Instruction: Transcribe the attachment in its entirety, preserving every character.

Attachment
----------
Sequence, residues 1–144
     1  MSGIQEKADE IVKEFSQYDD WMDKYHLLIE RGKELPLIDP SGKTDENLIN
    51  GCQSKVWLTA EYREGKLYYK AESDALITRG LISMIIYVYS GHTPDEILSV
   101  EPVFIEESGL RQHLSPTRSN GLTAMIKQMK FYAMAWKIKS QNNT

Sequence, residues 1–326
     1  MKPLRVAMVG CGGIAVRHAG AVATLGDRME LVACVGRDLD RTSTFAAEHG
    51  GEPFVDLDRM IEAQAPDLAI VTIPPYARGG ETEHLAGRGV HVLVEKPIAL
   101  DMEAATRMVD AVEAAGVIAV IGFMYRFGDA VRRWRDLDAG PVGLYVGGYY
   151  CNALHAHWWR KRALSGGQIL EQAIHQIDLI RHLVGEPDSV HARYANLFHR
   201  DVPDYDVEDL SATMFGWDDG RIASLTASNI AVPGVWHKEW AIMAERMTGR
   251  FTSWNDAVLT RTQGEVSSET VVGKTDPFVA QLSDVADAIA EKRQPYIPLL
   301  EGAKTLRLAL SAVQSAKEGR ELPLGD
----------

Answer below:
Sequence, residues 1–144
     1  MSGIQEKADE IVKEFSQYDD WMDKYHLLIE RGKELPLIDP SGKTDENLIN
    51  GCQSKVWLTA EYREGKLYYK AESDALITRG LISMIIYVYS GHTPDEILSV
   101  EPVFIEESGL RQHLSPTRSN GLTAMIKQMK FYAMAWKIKS QNNT

Sequence, residues 1–326
     1  MKPLRVAMVG CGGIAVRHAG AVATLGDRME LVACVGRDLD RTSTFAAEHG
    51  GEPFVDLDRM IEAQAPDLAI VTIPPYARGG ETEHLAGRGV HVLVEKPIAL
   101  DMEAATRMVD AVEAAGVIAV IGFMYRFGDA VRRWRDLDAG PVGLYVGGYY
   151  CNALHAHWWR KRALSGGQIL EQAIHQIDLI RHLVGEPDSV HARYANLFHR
   201  DVPDYDVEDL SATMFGWDDG RIASLTASNI AVPGVWHKEW AIMAERMTGR
   251  FTSWNDAVLT RTQGEVSSET VVGKTDPFVA QLSDVADAIA EKRQPYIPLL
   301  EGAKTLRLAL SAVQSAKEGR ELPLGD